Tuesday, December 23, 2008

Dr. Lois Phillips offers timely advice, Perfect your Presentation Skills!

Communications Consultant Lois Phillips PhD* suggests that anyone, but particularly career changers, spend some time in a course or with a coach improving their presentation skills. Public speaking both is and isn’t about interpersonal communication, which happens when we are speaking to someone privately but we can build on a few of the same skills. Any person delivering presentations – whether technical, motivational, or persuasive- needs to be attentive to the audience. Where are they coming from? What’s on their minds? Today’s busy people are wondering: “What’s in this (presentation) for me?” Delivering a presentation to a small or large group with poise and self-confidence is a critical skill If you are changing your career and want to move into a supervisory, managerial, or a political role.

Of course, any presenter needs to know the topic well enough to be seen as an expert who has ‘done their homework’ and to have a single overarching message, but I’ve seen dynamic speakers fail because they didn’t predict what was inevitably going to happen when they were finished speaking. Predict the tough questions, whether the questions are coming from skepticism, competitiveness, or resistance to the change you are proposing. People are impressed by speakers who are ready for the Q & A and who can bridge from even the most irrelevant question back to the main message.

Speakers tend to over-prepare, wasting their own time and the listeners. It’s not necessary to share every single idea or bit of research on a particular topic. It’s best to be selective and focus only on the information that will be useful to your listeners. Are these people on the staff of a company about to be acquired or merge? Do they need reassurance about the process of change? Are you pitching a new extraordinary product or service that will require risk and new capital? Are you wanting to build trust in your ability to lead the change effort? Whatever your purpose is, after all, you’ll want the listeners to leave saying “that presentation changed my life.”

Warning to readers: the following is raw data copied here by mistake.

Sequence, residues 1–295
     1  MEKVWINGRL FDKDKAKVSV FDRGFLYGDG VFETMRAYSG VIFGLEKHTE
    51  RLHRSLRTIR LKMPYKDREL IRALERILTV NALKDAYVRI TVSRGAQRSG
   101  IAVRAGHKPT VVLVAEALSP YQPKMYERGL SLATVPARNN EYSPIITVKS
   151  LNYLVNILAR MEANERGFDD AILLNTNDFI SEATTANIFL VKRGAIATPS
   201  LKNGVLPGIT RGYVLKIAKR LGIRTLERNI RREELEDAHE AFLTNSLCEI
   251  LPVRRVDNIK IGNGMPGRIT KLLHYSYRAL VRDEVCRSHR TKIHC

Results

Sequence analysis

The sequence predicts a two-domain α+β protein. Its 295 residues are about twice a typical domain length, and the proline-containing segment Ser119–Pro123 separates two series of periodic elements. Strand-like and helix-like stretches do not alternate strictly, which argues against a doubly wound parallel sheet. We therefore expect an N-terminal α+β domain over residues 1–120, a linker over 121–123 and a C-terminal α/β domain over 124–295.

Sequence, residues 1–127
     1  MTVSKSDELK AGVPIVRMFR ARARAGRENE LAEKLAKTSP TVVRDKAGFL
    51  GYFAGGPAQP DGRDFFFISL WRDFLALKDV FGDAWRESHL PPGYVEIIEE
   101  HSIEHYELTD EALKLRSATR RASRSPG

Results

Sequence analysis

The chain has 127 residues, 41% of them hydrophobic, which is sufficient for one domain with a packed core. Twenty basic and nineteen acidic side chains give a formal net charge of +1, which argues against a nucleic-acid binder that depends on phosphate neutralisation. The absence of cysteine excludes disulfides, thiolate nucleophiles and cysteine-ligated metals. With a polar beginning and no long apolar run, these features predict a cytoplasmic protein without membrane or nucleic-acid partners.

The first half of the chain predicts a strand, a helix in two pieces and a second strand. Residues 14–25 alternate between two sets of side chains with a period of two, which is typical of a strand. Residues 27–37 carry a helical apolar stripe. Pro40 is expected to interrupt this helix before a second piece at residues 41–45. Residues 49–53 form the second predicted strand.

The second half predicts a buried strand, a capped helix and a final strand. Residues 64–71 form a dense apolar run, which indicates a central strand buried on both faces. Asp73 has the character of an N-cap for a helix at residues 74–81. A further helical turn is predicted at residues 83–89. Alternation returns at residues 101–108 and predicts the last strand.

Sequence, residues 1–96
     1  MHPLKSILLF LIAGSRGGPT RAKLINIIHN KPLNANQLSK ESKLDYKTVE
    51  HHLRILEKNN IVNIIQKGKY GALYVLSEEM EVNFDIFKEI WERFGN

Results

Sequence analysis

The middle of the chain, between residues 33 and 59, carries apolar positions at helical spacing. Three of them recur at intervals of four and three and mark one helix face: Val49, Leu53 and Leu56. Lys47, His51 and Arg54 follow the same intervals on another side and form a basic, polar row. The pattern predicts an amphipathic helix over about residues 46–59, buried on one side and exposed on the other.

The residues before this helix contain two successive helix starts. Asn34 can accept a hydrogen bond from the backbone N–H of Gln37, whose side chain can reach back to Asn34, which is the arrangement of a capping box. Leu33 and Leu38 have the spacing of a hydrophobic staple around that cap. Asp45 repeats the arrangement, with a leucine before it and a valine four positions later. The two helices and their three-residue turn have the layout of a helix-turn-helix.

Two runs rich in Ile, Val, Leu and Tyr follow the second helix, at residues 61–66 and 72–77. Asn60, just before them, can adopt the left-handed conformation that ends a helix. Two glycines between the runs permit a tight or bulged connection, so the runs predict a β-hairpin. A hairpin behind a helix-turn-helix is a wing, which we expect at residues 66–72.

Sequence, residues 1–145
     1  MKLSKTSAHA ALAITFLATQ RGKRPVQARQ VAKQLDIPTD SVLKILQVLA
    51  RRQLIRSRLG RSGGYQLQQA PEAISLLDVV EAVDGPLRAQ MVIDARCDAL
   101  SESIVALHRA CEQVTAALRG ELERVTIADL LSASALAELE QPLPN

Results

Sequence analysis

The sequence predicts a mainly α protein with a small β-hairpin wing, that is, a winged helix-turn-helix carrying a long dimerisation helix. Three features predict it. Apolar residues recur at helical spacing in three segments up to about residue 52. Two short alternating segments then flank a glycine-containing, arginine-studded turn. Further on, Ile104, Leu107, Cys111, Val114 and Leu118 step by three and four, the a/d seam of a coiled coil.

*Lois Phillips is the co-author of “Women Seen and Heard: Lessons Learned from Successful Speakers,” Luz Publications, 2004.


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Shalu Wasu said...

On Avoiding Death by Powerpoint!
1. Don’t use too many words. Better still, don’t use them at all! I don’t like to use words in my presentations. I use pictures instead. If I have to, I will restrict the number of words to 3-5 (in font size 100+).

If your slides contain the full text of what you want to say, you’ll be tempted to just read from them, rather than communicating with the people in the room, and most of your audience will be reading them instead of listening to you.

My personal challenge is to go through an entire presentation without using any words at all!